Drama report: 2016 is the first year for Carnival Films without its global hit Downton Abbey. Md Gareth Neame tells Tim Dams what his indie has been up to

Under managing director Gareth Neame, Carnival Films has established itself as one of the UK’s elite drama production companies. With backing from owner NBC Universal, it has taken full advantage of the spectacular growth in demand for British-made drama from UK and international broadcasters. 

Carnival’s global hit Downton Abbey bowed out on its sixth series on ITV last Christmas. “It is the first time in six or seven years we haven’t been producing Downton, so it has been quite a different year,” says Neame, reflecting on 2016. Nevertheless, Carnival has been busy. It won re-commissions for BBC2’s The Last Kingdom and Sky1 series Stan Lee’s Lucky Man. Carnival has also produced Sky’s upcoming Jamestown. 
Set in 1619, the eight-part drama charts the early days of the first British settlers in America.

Carnival’s full order book and the legacy of Downton helped it to generate £110m in revenues in the year to June 2016, making it the biggest drama producer in the UK (its nearest rival Left Bank, producer of The Crown, turned over £101m).

Such success no doubt contributed to Neame, a former head of BBC indie drama commissioning who joined Carnival in 2004, being appointed an OBE earlier this year for services to drama.

Despite this track record, Neame maintains that it is “still quite difficult” to sell ideas into broadcasters. He does admit, though, that seismic changes in the television market mean there are many more opportunities for drama producers than there were at the turn of the millennium.

He remembers the late 1990s as a “dark time” for British drama, and recalls watching the premiere of Survivor in 2000 which, along with Big Brother, ushered in the boom in reality TV. The production values, he remembers, were amazing. “Everyone at that point thought that drama was too expensive for the number of people that watched it, and that its days were numbered.”

However, Neame was subsequently credited with playing a key role in the renaissance of BBC TV drama, working with drama controller Jane Tranter. His credits included Spooks, Hustle, State of Play and Bodies. “I always had a vision for making classy, commercial, transatlantic shows.”

Since then, technology – specifically the launch of platforms such as Amazon, Netflix and Hulu – has helped to globalise the TV market, bringing UK drama to a worldwide audience. Neame points out that all of the key US buyers now have a presence in London, and know all about the latest UK shows and upcoming talent. “The Americans see the Anglophone world as one market, which they did not ten years ago.”

And they specifically like British drama serials, such as Downton Abbey, which played on PBS in the US and is understood to be Amazon’s most successful second run acquisition of all time.

International demand for drama serials, says Neame, plays to the strengths of the British authorial system, which has produced writers like Andrew Davies, Peter Moffat or Jed Mercurio. “We were always weaker at trying to do episodic, story of the week type things,”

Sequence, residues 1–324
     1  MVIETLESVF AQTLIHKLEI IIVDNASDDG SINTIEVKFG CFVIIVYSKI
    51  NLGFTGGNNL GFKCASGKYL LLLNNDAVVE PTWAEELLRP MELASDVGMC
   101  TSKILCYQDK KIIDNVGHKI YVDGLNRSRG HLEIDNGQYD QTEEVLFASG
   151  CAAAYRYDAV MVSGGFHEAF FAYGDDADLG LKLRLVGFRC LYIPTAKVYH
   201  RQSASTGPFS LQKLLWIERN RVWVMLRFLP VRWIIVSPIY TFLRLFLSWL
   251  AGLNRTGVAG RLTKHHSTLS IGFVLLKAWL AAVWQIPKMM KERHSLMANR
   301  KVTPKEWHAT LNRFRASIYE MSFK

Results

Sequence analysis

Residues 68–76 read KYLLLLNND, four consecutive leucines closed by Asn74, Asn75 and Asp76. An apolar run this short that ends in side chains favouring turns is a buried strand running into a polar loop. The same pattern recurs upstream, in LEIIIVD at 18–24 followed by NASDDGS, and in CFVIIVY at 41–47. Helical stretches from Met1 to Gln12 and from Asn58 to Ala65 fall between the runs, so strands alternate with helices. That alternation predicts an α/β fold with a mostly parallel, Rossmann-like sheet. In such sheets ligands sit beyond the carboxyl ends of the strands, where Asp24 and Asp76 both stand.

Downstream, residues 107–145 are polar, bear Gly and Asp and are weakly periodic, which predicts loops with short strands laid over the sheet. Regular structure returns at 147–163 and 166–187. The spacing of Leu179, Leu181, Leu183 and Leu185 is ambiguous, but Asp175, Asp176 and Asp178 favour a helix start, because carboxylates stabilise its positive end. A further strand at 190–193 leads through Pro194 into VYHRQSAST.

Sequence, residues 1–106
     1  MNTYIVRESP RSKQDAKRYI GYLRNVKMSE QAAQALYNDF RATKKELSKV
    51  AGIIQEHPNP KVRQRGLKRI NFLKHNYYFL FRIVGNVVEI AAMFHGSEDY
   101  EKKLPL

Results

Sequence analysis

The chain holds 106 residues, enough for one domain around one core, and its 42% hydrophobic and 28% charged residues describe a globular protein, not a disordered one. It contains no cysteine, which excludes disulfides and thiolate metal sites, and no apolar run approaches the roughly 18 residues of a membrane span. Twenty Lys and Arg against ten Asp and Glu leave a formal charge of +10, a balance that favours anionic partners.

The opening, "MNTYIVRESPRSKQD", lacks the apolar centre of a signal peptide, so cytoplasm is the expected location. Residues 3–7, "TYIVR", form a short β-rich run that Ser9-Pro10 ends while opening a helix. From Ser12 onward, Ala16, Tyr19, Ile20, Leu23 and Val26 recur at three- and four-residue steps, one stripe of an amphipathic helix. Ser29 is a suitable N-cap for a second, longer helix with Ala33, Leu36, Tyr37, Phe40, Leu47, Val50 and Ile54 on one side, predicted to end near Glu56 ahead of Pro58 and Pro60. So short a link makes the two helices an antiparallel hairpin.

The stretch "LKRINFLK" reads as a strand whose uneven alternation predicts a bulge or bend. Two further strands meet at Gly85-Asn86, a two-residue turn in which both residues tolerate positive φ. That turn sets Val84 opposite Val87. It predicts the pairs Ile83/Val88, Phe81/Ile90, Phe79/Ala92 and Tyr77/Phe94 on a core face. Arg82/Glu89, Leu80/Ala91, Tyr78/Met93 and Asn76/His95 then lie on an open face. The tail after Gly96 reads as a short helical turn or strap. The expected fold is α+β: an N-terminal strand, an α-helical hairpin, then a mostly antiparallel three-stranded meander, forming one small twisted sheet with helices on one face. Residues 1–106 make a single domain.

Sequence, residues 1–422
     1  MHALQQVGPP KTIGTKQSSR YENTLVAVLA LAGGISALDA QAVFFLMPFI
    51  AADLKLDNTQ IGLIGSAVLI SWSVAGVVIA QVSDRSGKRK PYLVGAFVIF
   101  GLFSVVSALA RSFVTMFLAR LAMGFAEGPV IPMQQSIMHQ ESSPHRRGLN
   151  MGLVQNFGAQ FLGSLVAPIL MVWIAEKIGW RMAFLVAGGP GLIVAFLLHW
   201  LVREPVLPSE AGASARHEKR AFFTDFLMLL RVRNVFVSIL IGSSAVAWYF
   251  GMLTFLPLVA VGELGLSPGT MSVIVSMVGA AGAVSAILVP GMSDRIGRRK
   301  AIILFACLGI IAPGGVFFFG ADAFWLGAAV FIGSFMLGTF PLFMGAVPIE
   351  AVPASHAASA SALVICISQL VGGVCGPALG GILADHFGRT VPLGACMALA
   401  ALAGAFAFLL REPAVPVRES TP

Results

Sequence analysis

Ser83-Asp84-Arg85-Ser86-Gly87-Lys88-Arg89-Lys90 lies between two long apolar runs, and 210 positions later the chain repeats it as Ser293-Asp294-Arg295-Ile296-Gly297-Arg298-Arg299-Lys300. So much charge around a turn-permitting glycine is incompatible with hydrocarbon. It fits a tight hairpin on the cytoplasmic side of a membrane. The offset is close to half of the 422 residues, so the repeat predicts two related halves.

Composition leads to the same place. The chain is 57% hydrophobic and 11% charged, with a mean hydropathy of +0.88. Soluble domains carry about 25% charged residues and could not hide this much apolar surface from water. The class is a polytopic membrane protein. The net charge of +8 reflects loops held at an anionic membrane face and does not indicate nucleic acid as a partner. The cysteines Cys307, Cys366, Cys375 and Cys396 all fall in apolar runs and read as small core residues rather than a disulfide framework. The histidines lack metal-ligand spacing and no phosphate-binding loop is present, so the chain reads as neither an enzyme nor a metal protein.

he explains.

He also says there are lots of benefits for UK producers like Carnival working with US-led global distributors such as NBC Universal. “Their rate card is very different,” he says, explaining that “they start from a different place” when it comes to financing shows. “A well made British show is as valuable to them as a well made US network show. There used to be a fundamental difference between the two, and there isn’t really now.”

Does that mean he always has to think of the international market when developing shows? “We are part of a very marketing and sales led company. So I suppose you are always thinking of distribution right from the beginning.”

But, says Neame, “I think I am just hoping to find an idea that travels.” He cites Jamestown, which he describes as a community drama about a group of people trying to get by in a particular (albeit very dangerous) precinct.

It’s during his description of the show that one starts to realise why he is such an effective advocate for his dramas. First he compares it to Downton. “The rules of engagement and context are different from Downton, but you still have a gang of characters who are trying to find romance, get on in their careers, make a name for themselves, make their fortune or survive.”

Then, he gets right to the heart of Jamestown’s likely appeal in both the UK and the US. “It’s about how the first Brits became the first Americans. As a show, it’s almost like a Western but with English actors.”

Education Seaford College, West Sussex; Birmingham University (English and Drama)
1988 Joins BBC drama production
2000 Head of BBC indpendent drama commissioning, responsible for shows such as Spooks, Hustle and Tipping the Velvet
2004 Joins Carnival Films as managing director
2008 Sells Carnival to NBC Universal
2010 Executive producer of Downton Abbey, winner of 15 Emmys and a Special BAFTA Award
2016 Appointed an OBE in 2016 Birthday Honours

Tim Dams

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